Thursday, December 17, 2009


Senator Al Franken

Thank goodness for Tricia at The Miss Rumphius Effect, who gets us all writing at the beginning of the week with her Monday Poetry Stretches. This week, she brought the clerihew back for an encore. In the comments field there, you can see the doozie written by Elaine Magliaro about Senator Max Baucus, (you can also read it at her terrific blog, Political Verses.) Elaine understands the off-kilter rhythm of the clerihew, one of the important elements that makes the form funny.

Last year at just about this time I posted my thinking about what a clerihew needs to do. I'm going to follow Elaine's lead and go political. If you haven't see Al Franken confront Senator Thune, I'm sure it will be all over YouTube by the time you read this. Here are my Poetry Stretch clerihews for 2009:

Fightin' Al Franken
gave some Senators a spankin' -
Tonight watchin' the T and V:


Senator Joe Lieberman
is a true believer when
he says, "Well, if you're not wealthy,
just try harder to stay healthy."

The Poetry Friday round-up this week is being hosted by Susan over at Susan Writes. Check it out!

Friday, December 11, 2009


In response to this new article , this poem:


The earth revolves around the sun.
Here's proof:
a telescope,
two Galilean fingers in a cup,
one tooth
(and don't forget that vertebra
in Padua.)

Diane Mayr is hosting the Poetry Friday round-up today
on her lovely blog, RANDOM NOODLING.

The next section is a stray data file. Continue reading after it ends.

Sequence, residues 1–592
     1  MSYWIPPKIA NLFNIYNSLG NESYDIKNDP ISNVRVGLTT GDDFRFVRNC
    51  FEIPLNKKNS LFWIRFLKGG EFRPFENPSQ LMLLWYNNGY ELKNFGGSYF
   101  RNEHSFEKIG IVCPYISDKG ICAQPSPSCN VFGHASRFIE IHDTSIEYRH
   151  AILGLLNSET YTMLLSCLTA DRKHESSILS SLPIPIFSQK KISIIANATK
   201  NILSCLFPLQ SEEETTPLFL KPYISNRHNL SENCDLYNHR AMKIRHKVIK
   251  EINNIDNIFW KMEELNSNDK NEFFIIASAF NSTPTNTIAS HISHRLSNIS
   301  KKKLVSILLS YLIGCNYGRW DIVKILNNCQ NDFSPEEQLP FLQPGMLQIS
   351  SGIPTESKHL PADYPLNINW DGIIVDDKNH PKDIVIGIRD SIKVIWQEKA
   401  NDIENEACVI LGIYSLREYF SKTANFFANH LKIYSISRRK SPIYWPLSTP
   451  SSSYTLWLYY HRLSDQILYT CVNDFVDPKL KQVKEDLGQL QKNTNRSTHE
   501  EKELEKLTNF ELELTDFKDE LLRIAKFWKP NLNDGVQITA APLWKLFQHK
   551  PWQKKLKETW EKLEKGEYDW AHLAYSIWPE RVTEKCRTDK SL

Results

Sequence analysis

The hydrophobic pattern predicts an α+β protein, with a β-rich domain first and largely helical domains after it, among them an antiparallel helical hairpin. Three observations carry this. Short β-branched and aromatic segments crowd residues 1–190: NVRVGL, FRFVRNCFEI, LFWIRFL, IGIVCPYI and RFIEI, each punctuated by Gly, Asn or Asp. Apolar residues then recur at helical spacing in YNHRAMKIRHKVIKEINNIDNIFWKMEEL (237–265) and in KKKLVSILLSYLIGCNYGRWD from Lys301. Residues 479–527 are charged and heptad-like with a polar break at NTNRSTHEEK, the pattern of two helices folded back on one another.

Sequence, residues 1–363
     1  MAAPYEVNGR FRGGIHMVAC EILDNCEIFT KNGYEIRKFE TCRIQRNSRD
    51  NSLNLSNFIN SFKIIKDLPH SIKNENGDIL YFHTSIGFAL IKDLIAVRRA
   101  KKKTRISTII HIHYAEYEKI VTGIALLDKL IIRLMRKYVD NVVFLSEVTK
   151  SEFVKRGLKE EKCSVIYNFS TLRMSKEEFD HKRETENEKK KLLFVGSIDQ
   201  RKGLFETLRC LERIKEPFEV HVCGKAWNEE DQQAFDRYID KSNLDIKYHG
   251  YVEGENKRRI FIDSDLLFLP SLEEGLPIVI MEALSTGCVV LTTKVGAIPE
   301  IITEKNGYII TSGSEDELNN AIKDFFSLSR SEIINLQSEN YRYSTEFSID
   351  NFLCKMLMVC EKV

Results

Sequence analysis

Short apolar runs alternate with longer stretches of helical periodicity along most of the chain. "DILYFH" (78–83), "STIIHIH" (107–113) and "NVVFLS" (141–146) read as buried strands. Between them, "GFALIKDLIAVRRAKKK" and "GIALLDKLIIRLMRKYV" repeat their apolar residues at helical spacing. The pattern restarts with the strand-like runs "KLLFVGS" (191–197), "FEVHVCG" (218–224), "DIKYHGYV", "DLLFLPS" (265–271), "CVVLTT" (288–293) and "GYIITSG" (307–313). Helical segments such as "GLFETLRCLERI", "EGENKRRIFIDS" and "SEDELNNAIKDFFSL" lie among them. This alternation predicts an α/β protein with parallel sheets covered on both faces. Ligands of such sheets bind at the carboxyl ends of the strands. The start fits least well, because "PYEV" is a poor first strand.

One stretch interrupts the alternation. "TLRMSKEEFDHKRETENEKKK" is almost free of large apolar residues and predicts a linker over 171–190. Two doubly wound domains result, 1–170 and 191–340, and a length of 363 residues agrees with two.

Check out what other people have posted.

Wednesday, December 9, 2009



Only two more days to bid on items in Vermont College of Fine Arts' Hunger Mountain Holiday Fundraising Auction. And by items, I mean manuscript critiques with authors, agents and editors, as well as signed letterpress broadsides. It's only a click away, so click now. Bidding ends Saturday morning, PST. Included in the list are full-novel (250 pages) critiques with former Front Street editor and publisher and namelos founder Stephen Roxburgh, YA author and Printz medalist An Na (currently going for $149 - gad!!!!), YA & Middle Grade Author Carrie Jones, and the sweet guy pictured above, Tim Wynne-Jones, winner of the Governor General's Award of Canada, the Edgar for Best YA Mystery and the Boston Globe Horn Book Award  - who wouldn't want to get manuscript advice from Tim Wynne-Jones???  Apparently quite a few people feel the same way - his critique is a hot item, and it's going to raise some nice money for Hunger Mountain! You can figure out why if you look carefully at his photo. See the sparkle in those eyes? That's Tim - sparkle, wit, writing acumen, good soul, much-loved Advisor in the Writing for Children MFA program at Vermont College of Fine Arts.   Be brave - bid for Tim! And if you haven't checked Hunger Mountain out yet, definitely go over to their website - the editors are doing wonderful things with it.

Friday, December 4, 2009

Poetry Friday: Heartache and Poppies

Scottish Soldier in the Trenches WWI

Battle of the Somme, WWI

Soviet Soldier, Afghanistan

American Soldier, Afghanistan